Iran, Iraq to control sand haze
Iranian and Iraqi officials are to initiate a joint program to control the critical situation caused by the Arabian dust haze that strikes western Iran every summer.
Western Iran is often struck by dust storms in the summer, which blow from the deserts of Iraq.
During sandstorms, the dust in the atmosphere and consequent haze become 17 times more than the standard level, interrupting activity in the stricken area.
Last summer, particulate concentration in Iran’s western provinces was measured at 2,500 micrograms per cubic meter, meaning it was 17 times higher than the standard level of 150 micrograms per cubic meter.
During such times, visibility in some districts decreases to 50 meters, making it almost impossible to see anything.
This year, Iranian officials decided to cooperate with their Iraqi counterparts to solve the problem.
Efforts include combating desertification, providing a database of plant ground cover in the region, and covering the ground soil with mulch — a substance containing heavy hydrocarbons to build a protective covering on the ground and prevent it from blowing away.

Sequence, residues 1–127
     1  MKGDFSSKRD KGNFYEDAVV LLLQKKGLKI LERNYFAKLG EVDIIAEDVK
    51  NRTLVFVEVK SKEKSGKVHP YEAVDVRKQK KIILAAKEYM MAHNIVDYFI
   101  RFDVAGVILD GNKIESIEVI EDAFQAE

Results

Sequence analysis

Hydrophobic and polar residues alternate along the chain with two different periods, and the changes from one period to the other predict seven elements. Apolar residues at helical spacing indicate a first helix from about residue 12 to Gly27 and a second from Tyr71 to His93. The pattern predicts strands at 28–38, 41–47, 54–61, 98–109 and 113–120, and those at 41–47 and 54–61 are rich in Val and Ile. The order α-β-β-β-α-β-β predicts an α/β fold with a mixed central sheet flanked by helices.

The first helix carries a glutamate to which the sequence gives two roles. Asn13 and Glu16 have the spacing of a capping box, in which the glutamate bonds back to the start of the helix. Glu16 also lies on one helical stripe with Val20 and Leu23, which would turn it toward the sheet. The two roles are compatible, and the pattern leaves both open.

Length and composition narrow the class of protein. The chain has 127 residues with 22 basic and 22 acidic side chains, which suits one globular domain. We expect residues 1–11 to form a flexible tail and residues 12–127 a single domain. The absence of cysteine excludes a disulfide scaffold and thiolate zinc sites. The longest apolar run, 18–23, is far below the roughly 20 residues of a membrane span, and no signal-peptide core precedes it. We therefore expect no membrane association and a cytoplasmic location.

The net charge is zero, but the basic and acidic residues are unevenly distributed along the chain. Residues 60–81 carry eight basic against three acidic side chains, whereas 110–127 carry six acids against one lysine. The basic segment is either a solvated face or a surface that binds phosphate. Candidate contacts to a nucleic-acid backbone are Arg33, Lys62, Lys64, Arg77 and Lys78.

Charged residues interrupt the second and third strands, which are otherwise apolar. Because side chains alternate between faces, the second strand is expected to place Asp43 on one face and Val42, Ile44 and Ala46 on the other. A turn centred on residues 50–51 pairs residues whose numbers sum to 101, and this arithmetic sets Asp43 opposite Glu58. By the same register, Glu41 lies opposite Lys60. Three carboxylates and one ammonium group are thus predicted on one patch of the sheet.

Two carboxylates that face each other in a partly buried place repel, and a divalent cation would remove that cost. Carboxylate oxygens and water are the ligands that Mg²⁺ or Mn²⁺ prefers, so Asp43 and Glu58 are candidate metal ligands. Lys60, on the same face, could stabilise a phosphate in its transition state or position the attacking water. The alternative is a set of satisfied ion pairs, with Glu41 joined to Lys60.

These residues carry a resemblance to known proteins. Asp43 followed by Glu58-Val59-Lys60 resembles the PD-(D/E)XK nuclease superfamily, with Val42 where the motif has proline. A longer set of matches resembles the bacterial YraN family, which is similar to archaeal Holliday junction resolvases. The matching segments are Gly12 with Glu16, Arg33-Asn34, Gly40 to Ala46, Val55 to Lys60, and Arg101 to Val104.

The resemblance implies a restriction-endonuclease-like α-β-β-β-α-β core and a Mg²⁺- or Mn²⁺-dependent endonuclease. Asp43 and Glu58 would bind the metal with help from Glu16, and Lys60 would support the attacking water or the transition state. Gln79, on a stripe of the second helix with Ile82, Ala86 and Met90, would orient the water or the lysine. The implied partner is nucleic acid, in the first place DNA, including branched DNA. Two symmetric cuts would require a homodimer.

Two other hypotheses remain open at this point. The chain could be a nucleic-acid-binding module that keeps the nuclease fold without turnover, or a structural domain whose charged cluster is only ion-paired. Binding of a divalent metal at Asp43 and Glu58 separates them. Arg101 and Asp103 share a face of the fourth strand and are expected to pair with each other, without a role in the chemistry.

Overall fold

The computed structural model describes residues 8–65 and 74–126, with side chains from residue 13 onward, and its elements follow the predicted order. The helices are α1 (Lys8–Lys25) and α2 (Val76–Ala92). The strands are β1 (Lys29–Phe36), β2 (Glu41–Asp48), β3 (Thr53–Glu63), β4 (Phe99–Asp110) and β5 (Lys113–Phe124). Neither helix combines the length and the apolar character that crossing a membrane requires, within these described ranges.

Iranian researchers’ studies have found silicon dioxide, calcium, potassium, carbon, and other elements in the haze, which could damage the respiratory system of those breathing the air.
The dangers such pollution has posed to human respiratory and cardiac systems have prompted Iranian officials to close schools, universities and offices in order to encourage people to remain at home.